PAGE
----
In this paper, Debra Aron and Steven S. Wildman analyze the economics of contracting practices in the modern recording industry. In the last twenty years the development of digital technology, the broad dissemination of broadband access, and the near ubiquity of smartphones, laptops and tablet devices have revolutionized the distribution and production of music. One notable feature of label recording contracts that has remained consistent is that they are project-delimited rather than time-delimited. That is, a contract provides for a specified number of projects rather than a set period of time, and the contract ends when either the projects are completed, or the label chooses not to exercise its option under the contract to fund the next project.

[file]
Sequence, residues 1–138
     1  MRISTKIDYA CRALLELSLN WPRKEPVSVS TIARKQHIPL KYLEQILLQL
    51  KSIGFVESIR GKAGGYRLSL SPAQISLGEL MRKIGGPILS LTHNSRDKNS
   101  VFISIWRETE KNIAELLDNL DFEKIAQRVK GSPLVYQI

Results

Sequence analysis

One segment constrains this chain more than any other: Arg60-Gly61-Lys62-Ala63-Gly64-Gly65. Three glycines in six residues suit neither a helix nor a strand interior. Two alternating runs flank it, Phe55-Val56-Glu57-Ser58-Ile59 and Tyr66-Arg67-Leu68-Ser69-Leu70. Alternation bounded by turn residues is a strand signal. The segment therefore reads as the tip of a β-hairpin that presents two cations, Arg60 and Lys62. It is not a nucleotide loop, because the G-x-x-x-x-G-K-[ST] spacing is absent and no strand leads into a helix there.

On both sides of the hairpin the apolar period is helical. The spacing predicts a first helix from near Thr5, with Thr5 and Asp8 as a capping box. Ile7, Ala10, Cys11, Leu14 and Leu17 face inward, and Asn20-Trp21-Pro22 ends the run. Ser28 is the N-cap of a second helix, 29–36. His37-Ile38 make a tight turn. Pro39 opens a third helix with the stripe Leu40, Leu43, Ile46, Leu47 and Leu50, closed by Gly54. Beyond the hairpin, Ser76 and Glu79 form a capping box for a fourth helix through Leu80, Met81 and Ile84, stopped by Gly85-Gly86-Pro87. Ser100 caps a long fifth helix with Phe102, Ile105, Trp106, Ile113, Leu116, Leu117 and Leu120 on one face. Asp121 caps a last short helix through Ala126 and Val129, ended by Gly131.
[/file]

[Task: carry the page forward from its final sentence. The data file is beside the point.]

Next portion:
The authors reviewed data descriptive of hundreds of contracts and deal memos on a confidential basis, as well as a sampling of artists contracts and contract templates, and found that major label contracts vary substantially on numerous dimensions such as album commitments, advances, recording funds, royalties, marketing funds, tour support, and legal advances, among others. Product-delimited contracts strike a balance because, on the one hand, the evidence demonstrates that they provide ample opportunity for major label artists who prove to be successful to renegotiate their contracts, while on the other hand they encourage more label investments in artists than would time-delimited contracts, to the benefit of the artist and the label.